Blockquoth the poster:

      Isn't this the way that we *want* piracy to be addressed? By going after the *pirates* instead of the *technology?*

      Slow down there. The article is light on details but it seems to me that the university is banning all P2P traffic, not just copyright-infringing traffic. You can insert the standard hyperbolic "But 99.9999% of P2P traffic is infringing" but it doesn't matter: They certainly do seem to be going after the technology, not the content.
      • Re:Good (Score:2, Flamebait)

        but it doesn't matter

        YES, it EXACTLY does matter. Automobiles are not used 99.999% for illegitimate purposes. It is legitimate to ban P2P because there are alternatives (e.g., FTP) for legitimate trading. There basically is zero downside to banning P2P programs.

        • Re:Good (Score:3, Informative)

          by _Sprocket_ (42527)


          There basically is zero downside to banning P2P programs.


          But then... what you're doing is going after the technology, not the pirates. Again.
        • There basically is zero downside to banning P2P programs. Oh please. P2P can also be used for other purposes, like distributing documents that your government consider "subversive". Besides, the documentation that file traders buy less music is dubious. Both sides have been able to prove their position by studies. To the rest of us, that means that the negative business impact is inconclusive.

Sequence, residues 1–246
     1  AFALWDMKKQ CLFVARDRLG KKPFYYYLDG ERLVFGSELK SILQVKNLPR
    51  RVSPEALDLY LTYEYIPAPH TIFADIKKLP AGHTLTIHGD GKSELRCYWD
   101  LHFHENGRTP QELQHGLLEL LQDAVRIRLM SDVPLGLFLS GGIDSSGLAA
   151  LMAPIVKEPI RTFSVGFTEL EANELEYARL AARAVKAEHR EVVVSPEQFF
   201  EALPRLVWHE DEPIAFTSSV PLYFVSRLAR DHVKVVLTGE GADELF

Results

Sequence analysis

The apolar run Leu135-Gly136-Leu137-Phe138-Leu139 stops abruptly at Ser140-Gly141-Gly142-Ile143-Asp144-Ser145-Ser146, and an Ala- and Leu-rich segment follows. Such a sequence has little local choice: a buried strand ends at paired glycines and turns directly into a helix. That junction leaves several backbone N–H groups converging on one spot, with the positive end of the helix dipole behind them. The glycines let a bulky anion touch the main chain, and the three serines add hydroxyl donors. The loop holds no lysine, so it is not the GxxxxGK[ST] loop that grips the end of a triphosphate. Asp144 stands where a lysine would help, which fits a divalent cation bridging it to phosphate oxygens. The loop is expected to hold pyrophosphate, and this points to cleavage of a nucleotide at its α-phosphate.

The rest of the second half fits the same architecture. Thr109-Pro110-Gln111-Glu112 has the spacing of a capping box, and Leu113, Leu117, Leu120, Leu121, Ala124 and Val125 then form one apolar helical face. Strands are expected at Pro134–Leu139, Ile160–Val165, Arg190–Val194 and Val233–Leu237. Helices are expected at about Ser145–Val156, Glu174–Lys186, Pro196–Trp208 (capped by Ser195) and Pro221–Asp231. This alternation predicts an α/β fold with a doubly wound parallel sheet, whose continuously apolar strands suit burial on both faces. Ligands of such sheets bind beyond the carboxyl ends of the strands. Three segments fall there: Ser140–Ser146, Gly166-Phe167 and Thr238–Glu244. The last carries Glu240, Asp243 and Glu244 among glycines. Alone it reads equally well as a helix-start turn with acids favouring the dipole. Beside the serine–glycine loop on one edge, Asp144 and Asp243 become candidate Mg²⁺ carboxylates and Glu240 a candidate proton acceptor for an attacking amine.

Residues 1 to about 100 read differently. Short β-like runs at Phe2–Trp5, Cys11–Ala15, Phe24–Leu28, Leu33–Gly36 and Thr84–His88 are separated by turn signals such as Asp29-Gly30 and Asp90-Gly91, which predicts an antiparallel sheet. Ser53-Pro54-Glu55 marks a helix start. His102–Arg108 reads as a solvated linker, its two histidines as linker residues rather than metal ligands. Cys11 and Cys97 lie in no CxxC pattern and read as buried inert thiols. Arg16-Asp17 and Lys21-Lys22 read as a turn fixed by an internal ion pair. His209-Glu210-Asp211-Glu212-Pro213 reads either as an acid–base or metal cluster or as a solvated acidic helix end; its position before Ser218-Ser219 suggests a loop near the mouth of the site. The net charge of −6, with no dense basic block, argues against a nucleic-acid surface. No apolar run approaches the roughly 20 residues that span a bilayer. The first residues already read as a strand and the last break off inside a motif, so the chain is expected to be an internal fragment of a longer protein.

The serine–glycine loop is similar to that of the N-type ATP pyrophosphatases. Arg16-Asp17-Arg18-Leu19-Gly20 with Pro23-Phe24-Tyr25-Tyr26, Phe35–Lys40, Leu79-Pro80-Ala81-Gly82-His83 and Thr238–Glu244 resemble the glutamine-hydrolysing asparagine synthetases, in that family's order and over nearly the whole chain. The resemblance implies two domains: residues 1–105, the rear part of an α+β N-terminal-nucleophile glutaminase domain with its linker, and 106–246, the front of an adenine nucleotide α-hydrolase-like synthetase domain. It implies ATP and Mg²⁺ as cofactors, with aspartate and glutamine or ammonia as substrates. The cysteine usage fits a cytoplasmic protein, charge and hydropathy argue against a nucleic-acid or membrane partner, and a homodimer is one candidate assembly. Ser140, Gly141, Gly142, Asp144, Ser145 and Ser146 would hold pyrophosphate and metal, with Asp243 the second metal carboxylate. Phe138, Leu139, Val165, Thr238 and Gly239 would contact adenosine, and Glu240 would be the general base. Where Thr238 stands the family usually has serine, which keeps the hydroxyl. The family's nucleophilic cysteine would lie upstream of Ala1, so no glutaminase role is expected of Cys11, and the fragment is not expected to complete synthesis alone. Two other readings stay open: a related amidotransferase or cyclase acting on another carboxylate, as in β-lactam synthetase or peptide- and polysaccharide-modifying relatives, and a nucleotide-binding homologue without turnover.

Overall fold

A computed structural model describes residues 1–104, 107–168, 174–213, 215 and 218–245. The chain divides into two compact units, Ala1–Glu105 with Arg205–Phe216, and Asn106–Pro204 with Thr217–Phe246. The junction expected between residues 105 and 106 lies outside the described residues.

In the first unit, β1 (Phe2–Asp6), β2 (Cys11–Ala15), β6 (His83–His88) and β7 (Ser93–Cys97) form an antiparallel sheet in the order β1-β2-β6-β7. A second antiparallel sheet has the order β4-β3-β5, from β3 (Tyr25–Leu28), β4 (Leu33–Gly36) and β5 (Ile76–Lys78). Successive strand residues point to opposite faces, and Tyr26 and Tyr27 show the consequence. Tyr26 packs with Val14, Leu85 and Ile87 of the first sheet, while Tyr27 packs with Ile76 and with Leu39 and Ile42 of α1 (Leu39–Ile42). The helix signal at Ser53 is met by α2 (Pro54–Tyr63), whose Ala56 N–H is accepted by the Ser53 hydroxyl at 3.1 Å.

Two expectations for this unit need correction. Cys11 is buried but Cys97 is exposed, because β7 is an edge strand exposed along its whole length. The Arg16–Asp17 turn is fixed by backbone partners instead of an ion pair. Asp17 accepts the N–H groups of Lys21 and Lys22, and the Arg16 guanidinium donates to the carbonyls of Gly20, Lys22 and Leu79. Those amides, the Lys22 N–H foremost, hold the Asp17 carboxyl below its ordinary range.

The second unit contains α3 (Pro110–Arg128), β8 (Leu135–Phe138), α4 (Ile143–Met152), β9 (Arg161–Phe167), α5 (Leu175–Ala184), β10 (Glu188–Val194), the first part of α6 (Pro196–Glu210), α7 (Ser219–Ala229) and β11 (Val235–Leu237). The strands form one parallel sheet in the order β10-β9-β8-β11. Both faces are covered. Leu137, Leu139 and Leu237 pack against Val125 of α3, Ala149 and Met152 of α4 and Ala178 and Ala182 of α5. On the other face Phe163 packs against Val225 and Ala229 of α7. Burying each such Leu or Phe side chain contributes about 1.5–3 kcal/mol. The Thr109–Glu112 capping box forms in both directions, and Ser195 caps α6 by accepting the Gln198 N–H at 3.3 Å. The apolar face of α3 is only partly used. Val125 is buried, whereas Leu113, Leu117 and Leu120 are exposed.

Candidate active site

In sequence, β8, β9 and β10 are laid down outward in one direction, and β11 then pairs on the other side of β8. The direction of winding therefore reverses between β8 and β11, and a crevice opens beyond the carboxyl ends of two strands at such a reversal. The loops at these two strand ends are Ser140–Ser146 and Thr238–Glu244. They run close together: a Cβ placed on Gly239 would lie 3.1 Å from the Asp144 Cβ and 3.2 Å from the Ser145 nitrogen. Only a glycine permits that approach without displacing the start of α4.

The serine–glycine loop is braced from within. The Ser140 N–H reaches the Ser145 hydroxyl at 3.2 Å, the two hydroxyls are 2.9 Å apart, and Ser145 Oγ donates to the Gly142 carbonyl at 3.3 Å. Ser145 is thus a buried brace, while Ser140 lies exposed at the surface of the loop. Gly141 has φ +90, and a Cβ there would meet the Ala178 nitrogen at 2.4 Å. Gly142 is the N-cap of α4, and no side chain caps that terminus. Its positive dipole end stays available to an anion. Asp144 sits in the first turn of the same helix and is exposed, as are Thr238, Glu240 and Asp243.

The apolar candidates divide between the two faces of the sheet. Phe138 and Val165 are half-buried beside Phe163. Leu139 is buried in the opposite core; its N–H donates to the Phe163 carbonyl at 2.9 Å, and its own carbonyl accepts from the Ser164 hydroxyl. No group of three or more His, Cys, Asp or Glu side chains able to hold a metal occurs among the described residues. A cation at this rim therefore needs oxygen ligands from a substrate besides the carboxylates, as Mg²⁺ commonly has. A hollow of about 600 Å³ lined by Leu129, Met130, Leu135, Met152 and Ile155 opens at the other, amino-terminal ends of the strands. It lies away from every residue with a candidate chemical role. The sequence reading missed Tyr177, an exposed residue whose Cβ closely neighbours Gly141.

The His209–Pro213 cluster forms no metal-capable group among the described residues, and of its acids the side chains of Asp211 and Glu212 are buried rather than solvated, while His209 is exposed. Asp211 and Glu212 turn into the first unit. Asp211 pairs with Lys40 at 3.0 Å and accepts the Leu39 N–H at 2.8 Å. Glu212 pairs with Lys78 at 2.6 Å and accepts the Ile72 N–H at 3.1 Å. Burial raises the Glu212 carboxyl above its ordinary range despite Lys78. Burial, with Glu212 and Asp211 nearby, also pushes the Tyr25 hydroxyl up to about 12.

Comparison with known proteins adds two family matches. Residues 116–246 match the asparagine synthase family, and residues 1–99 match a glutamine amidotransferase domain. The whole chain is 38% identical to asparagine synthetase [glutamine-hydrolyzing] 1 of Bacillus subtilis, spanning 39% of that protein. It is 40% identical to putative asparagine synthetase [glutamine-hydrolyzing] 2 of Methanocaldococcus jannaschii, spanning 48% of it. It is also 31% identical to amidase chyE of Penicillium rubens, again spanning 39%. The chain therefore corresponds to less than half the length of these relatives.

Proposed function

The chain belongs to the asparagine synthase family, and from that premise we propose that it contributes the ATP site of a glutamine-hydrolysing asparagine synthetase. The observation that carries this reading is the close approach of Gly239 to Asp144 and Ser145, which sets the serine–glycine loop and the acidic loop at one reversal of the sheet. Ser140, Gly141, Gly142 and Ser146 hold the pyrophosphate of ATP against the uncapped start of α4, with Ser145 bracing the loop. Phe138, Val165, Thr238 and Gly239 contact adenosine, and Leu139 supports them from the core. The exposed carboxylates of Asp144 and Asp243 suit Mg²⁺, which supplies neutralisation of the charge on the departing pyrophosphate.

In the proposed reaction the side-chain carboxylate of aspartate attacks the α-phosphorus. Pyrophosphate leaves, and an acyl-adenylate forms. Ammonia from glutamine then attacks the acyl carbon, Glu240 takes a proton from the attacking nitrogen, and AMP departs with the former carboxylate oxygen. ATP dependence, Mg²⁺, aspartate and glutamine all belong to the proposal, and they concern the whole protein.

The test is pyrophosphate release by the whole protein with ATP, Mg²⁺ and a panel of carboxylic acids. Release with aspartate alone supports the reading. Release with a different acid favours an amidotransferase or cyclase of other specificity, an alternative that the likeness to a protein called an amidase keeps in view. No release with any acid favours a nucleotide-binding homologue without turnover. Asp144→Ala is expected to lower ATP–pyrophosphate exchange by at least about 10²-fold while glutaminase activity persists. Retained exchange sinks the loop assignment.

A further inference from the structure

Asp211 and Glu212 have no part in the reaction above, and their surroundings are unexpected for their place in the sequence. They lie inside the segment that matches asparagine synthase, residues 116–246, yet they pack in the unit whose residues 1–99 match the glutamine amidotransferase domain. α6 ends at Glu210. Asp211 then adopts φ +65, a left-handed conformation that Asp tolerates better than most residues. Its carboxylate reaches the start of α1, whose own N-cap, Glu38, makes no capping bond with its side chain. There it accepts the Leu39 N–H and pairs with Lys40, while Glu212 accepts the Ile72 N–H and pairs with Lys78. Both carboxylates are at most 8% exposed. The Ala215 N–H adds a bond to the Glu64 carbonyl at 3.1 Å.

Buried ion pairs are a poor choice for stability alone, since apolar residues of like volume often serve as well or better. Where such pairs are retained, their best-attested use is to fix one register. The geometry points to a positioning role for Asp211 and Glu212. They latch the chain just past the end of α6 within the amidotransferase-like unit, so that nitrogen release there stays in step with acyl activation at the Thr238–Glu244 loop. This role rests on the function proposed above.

If you remember back to the 80s, VCRs was going to kill the movie industry, like the tape deck was going to kill the music industry. The (RI|MP)AA are luddites. They don't know what's good for them - just look at history.

          I can see a good reason why the University would rather not have their students using all the bandwidth for sharing files of uncontrolled legality. Costs. Perhaps morals.

          However, P2P is not an inherently bad technology. Furthermore, it is probably still not optimal, so there is a need for further research. There are also other areas within internet applications/usage that needs further research. Stifling internet access for the students is not in the interest of the rest of the world, since that would prevent the students from becoming exposed to research areas.
      • Re:Good (Score:2, Informative)

        by MalleusEBHC (597600)
        They are NOT banning all P2P traffic. They are only saying that users caught illegally trading music will have their rights to use the university ISP revoked. Stories like this should not be posted without all the proper facts so people like this don't make false accusations.
    • Re:Good (Score:3, Informative)

      by crush (19364)